The solution? Good old command line. Open up command prompt (start -> run -> cmd.exe). This snippet will kill all processes that start with the taskname:
TASKKILL /IM [TASKNAME]* /F
To kill all VLC processes, you’d use:
TASKKILL /IM vlc* /F
All running VLC processes will be terminated automatically.
If you’re a power user like me, you’ll find Firefox will often balloon to about 1 gig of RAM usage after some time. Often times it’ll hit that point and then just crash.
I’m probably in the minority but my surfing habits tend to be open a mess of tabs and then come back and read later. I never go back to bookmarks (even though I do have a delicious account and actually tag stuff). At any time, I may 25-100 tabs open in my browser.
I recently stumbled upon Firefox Plumber (http://www.rizone3.com/2011/firefox-plumber/). I’ve been testing it for a few days now and I have to say I’m completely blown away by how well the utility works.
Currently I have 32 tabs open in Firefox. Under normal loads, the browser would utilize between 800MB-1GB of memory. With Firefox Plumber running, which is only utilizing about 708k in memory usage, Firefox is currently fluctuating between 4 and 7 MB of memory usage.
After some sleuthing, I found it accomplishes this by offloading the memory to the swap file which could present it’s own issues. I’m going to stick with it for now since Firefox appears to be more stable and see how things work.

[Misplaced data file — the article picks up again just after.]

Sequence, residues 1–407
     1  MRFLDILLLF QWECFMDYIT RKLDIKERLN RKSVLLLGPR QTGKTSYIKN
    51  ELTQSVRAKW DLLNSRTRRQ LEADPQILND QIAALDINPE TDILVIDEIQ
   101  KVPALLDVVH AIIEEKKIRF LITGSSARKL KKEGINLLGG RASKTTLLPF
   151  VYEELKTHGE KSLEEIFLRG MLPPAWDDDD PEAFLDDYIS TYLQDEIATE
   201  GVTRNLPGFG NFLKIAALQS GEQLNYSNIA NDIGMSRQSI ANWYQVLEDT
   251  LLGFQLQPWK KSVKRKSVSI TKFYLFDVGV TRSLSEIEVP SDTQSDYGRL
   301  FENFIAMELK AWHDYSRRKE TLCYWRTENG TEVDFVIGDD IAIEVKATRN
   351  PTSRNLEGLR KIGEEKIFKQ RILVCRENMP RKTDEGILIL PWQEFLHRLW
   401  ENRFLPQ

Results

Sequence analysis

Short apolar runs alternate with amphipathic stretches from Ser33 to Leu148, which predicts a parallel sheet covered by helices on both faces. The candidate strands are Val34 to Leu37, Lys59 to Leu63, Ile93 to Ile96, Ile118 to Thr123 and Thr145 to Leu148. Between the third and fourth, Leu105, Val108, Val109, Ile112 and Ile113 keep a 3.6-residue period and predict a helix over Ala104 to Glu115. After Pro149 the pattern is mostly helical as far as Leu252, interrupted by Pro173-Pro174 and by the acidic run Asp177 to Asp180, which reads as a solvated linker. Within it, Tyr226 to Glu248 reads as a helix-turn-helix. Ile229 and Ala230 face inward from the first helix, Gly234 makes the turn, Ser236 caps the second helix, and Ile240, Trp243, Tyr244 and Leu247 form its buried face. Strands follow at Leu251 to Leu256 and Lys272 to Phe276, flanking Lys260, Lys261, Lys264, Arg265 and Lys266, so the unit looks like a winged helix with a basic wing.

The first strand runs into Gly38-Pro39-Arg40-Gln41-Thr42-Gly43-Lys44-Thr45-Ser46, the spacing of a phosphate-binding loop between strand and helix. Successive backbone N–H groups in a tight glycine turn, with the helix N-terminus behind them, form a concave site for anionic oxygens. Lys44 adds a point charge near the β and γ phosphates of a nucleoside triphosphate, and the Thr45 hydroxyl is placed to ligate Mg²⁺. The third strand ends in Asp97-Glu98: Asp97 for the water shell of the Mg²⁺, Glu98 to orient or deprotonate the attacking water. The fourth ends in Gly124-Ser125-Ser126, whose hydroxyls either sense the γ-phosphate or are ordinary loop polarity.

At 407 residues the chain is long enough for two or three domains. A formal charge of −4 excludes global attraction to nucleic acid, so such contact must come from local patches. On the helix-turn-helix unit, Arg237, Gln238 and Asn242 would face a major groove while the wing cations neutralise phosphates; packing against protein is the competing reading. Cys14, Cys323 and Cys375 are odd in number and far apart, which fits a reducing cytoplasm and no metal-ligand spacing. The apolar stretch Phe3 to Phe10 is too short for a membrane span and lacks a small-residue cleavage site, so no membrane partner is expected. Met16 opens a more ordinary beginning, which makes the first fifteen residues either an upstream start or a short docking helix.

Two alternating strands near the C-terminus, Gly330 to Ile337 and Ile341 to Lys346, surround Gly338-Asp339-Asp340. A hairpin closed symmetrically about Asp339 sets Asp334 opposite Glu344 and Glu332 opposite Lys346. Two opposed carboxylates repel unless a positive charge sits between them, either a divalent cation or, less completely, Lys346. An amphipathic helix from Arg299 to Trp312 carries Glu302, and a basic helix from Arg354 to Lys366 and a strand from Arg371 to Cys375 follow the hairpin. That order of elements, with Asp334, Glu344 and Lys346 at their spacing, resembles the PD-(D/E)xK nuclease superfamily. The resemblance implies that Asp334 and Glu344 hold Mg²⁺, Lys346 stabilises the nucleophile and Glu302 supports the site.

It amazes me sometimes the lengths that companies go to “protect” their products but then make so simple to work around.
I am trying to get a program called NeatReceipts to work on my machine and am running into serious issues with it because of a crappy installer. It keeps failing when installing the database. Of course it tries to be slick and install in a password protected instance with a hidden password.
Naturally as a tech, I’m inclined to fix problems on my own PC. So I’m poking around to figure out exactly what’s happening and why it is failing. There’s no real information as to why it fails. It doesn’t even notify me that there’s been a failure, it actually tells me it’s successful.
So I’m tracing all the steps backwards and trying to figure out how to get the SQL instance setup. Of course there’s no information on this anywhere. So I do further sleuthing and stumble across log files created by the installer in another folder with this in plaintext:
Now it just makes me wonder, if you’re going to be all paranoid and choose a password that is really that complex and unguessable, why store it in a plain text where anyone with brains could see it?
It reminds me of the time when Quickbooks wouldn’t help my company unlock the SQL database when we were looking to integrate another product. The actual response we got back from them regarding the password was “Guess.”
Not very smart when you have a team of intelligent geeks who’s primary job is figuring out how stuff works. We didn’t waste time figuring out the password though. Instead we used a backdoor solution of backing up the database and restoring it which gave us full access to the entire DB.